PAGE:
Investment Column: A high price for Premier Farnell

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The Independent Online
Premier Farnell, now the world's biggest catalogue distributor of electronic bits and pieces, provides a classic case study of the pitfalls of paying over the odds for a big acquisition in another country at the top of the cycle. The pounds 1.9bn takeover of US rival Premier was being criticised on all those grounds almost as soon as it was announced early last year. Since then the group has seen a drop-off in the market for semiconductors, been hit by adverse exchange rates and rounded off its litany of woes in January this year with a hammed-up profits warning.

In themselves, none of these is that serious, but together they add up to a substantial shortfall on expectations at the time of the Premier deal. Stripping out the pounds 43.3m gain on the sale of Farnell Electronic Services and pounds 7.7m of Premier rationalisation costs, the combined underlying business saw its profits rise from pounds 111m to pounds 137m, some pounds 23m below the original forecast.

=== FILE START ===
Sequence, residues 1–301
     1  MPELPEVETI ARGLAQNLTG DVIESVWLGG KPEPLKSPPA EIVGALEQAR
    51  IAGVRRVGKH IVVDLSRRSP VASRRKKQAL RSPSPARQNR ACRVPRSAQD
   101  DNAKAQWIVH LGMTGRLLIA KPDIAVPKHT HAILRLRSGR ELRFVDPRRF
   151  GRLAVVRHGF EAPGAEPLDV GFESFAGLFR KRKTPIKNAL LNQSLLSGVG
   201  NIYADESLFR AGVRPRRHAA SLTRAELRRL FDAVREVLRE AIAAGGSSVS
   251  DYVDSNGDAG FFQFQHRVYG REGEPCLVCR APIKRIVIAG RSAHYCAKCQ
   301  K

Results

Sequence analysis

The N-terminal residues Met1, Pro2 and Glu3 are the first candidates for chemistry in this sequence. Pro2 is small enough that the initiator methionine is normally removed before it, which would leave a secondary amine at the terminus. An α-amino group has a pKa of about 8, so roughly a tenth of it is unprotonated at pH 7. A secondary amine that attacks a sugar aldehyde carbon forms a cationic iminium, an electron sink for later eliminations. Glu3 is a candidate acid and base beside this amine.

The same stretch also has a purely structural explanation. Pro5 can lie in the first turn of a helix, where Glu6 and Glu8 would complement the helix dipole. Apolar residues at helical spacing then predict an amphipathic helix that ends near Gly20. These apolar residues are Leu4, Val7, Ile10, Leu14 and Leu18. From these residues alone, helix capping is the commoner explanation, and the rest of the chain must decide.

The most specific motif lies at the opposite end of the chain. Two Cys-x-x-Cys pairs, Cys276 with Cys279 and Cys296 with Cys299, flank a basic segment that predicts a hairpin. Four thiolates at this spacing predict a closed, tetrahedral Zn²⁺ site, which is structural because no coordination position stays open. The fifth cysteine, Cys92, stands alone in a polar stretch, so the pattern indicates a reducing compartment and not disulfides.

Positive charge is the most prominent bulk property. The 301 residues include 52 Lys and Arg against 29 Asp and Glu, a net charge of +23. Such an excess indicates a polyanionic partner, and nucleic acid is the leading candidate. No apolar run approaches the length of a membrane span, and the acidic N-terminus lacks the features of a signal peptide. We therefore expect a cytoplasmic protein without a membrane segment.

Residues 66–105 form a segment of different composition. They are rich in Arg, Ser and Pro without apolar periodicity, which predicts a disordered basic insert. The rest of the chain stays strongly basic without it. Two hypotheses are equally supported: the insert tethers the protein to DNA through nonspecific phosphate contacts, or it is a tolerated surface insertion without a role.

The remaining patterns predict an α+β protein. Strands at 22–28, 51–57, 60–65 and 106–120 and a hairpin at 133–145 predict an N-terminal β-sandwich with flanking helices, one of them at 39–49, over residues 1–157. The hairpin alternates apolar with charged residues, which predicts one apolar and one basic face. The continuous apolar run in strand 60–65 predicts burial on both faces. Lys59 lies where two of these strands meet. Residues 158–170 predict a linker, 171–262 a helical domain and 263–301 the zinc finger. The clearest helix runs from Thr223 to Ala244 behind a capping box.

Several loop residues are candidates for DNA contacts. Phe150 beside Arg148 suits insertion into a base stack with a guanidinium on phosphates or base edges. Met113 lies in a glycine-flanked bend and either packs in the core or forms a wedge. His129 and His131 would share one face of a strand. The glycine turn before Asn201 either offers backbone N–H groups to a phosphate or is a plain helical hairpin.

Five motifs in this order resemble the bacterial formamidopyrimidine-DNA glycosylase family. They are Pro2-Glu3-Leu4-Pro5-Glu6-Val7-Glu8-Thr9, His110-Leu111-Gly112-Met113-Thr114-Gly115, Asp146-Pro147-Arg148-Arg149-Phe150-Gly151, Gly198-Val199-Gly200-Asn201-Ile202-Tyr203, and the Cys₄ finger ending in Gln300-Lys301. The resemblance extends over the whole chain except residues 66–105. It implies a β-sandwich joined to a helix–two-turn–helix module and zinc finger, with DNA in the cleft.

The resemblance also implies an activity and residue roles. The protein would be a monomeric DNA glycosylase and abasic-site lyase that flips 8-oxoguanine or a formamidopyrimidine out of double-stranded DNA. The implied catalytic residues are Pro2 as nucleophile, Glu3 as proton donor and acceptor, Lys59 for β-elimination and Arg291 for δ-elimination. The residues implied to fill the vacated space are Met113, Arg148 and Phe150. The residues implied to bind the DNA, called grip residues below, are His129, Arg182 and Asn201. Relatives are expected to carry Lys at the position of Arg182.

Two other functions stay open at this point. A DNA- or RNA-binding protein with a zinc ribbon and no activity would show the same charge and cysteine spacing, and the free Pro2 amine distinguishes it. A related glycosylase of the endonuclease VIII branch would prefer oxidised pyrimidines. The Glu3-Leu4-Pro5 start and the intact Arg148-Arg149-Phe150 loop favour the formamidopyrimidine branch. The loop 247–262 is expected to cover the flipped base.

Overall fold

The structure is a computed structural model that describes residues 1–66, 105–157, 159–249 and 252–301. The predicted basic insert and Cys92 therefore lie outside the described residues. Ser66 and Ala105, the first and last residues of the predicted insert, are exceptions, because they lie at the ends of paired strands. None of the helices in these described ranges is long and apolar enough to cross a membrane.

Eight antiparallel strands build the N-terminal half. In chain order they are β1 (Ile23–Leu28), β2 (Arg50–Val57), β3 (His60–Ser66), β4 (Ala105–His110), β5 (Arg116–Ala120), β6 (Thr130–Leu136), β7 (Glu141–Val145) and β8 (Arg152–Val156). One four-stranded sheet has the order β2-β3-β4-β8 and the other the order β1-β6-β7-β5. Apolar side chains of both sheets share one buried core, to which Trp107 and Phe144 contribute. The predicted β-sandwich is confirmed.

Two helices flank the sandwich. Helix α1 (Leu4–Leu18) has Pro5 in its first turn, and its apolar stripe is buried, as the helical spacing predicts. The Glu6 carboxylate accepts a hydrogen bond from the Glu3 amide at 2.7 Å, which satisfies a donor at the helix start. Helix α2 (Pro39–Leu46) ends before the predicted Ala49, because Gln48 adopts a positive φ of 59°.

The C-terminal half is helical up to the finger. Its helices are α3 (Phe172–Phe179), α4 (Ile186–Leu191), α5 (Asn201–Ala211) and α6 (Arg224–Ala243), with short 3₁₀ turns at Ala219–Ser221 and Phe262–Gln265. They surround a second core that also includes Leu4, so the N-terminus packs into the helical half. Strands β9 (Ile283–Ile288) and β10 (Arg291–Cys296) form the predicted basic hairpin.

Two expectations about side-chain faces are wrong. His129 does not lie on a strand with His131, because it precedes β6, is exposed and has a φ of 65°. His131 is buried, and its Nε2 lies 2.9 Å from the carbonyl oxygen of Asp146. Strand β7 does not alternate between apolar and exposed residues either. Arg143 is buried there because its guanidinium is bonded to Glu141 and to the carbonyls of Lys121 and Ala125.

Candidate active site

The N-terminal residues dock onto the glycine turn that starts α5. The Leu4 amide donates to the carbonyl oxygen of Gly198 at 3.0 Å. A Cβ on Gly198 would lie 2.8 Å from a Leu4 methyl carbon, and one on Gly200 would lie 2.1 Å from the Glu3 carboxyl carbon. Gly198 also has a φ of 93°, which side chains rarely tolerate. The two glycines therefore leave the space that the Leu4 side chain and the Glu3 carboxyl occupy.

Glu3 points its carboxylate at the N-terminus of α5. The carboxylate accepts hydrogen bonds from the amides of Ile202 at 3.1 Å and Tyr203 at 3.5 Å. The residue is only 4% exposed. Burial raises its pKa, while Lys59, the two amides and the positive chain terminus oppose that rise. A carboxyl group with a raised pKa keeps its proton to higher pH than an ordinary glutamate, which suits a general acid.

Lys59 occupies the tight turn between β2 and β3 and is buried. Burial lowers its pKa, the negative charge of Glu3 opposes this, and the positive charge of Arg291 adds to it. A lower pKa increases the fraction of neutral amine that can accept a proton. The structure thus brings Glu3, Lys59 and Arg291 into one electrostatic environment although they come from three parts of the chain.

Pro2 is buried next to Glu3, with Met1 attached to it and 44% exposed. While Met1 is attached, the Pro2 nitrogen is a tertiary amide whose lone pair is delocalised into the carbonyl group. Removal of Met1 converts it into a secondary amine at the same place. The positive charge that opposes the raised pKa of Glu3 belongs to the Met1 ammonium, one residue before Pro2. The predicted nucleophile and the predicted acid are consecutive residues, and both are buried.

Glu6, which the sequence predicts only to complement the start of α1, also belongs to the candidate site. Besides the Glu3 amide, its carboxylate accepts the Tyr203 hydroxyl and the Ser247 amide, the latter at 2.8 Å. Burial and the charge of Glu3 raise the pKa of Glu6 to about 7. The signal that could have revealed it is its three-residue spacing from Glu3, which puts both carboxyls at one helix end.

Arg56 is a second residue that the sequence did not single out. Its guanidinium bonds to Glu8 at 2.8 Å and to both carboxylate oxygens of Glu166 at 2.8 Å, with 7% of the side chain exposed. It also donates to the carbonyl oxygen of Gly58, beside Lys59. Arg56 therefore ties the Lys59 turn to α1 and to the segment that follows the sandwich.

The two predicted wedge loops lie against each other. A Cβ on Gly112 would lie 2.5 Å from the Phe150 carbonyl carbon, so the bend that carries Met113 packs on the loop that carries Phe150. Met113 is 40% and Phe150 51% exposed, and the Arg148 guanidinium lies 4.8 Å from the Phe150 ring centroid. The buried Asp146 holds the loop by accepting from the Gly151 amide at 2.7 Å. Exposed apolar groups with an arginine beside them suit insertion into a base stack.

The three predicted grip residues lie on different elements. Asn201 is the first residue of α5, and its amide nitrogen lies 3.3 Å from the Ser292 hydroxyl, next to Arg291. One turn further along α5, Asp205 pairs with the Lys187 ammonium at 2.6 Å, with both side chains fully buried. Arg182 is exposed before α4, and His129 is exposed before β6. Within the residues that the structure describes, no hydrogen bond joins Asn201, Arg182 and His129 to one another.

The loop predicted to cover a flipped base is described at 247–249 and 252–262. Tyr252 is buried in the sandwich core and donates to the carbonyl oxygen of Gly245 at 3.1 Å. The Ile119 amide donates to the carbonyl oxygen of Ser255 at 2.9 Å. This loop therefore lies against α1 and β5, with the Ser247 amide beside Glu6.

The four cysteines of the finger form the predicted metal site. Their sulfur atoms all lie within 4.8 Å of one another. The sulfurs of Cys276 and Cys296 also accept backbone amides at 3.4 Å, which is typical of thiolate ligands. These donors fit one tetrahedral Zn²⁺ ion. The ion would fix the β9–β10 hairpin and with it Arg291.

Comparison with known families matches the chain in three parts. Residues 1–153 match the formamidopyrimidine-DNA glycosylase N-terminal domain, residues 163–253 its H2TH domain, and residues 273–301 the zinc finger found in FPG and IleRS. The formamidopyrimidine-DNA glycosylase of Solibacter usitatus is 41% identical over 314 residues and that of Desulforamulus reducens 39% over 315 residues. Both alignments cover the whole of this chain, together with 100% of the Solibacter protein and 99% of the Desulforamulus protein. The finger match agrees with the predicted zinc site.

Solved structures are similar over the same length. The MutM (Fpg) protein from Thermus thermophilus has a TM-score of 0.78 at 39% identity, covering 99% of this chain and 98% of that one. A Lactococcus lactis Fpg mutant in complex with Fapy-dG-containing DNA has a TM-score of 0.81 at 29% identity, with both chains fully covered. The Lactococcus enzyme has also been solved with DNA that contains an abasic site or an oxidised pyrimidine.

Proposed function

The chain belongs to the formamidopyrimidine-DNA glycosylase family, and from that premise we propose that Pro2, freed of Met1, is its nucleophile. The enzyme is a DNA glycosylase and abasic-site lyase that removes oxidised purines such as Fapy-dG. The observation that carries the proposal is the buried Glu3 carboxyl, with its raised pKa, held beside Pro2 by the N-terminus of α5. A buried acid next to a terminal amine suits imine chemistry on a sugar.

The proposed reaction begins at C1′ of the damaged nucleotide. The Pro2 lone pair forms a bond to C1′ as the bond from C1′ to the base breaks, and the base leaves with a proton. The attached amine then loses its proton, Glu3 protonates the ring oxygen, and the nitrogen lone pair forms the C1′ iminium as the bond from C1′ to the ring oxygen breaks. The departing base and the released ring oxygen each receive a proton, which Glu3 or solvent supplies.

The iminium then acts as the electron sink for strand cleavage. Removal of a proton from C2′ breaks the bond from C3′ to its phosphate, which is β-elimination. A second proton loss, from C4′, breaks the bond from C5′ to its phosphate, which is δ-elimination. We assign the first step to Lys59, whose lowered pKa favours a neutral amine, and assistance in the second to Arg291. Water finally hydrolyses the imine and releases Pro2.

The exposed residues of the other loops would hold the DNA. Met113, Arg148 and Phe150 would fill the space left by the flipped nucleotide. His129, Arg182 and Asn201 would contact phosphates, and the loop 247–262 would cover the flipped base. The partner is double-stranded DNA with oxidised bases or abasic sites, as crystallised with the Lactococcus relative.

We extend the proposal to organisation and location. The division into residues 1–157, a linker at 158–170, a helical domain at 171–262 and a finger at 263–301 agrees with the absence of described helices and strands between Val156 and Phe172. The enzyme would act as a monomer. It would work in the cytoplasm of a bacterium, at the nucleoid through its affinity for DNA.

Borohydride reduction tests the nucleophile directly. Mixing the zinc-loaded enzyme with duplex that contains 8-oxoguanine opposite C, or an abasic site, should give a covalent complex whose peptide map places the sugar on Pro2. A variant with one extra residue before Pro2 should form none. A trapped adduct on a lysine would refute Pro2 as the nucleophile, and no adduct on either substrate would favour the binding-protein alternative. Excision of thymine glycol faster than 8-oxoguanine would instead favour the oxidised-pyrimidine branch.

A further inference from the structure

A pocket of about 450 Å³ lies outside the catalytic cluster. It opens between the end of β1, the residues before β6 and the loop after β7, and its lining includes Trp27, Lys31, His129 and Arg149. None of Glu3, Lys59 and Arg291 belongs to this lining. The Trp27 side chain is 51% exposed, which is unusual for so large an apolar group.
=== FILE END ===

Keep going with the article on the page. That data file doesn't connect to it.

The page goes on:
The shares have slumped from a high of nearly 750p reached at the end of December to 500p, below last year's 540p rights price. Even after yesterday's 1p uptick, it is clear that Howard Poulson, the chief executive, and his team have a wall of credibility to climb.

To be fair, there were no more nasty surprises in the latest figures and management appears to have kept its eye on the old Farnell business during the distractions of the Premier integration. Profits there grew from pounds 45.6m to pounds 50.5m, reflecting organic growth of close to 9 per cent. The slight margin drop to a still healthy 24.3 per cent represents investment in the new Industrial catalogue, a new departure for the group into parts and tools for wider industrial use.

More difficult to judge is the state of the old Premier operation. Certainly the pounds 89.3m contribution for 42 weeks with the group and operating margins of under 21 per cent look a poor return on the group's investment. Year- on-year profits are said to be up 7 per cent, but mainly because of the pounds 6m annualised cost savings squeezed out following the takeover.

However, it is early days yet to judge the benefits of merging Farnell's higher-margin catalogue with Newark, Premier's wider-ranging catalogue offering. A new US edition of the Farnell catalogue, now rolled out to around a third of Newark's customers, is showing promising early results, with annual sales running at $15m so far. The plan is eventually to take Newark to continental Europe.

But Mr Poulson still has his work cut out. The reduction in net debt received a one-off boost from the sale of FES and the sub-5 per cent market growth rate last year is showing only sluggish signs of picking up. So on an admittedly bearish forecast of pounds 159m for the current year, the shares still stand on a highish multiple of 16. Unexciting until sentiment turns more favourable.

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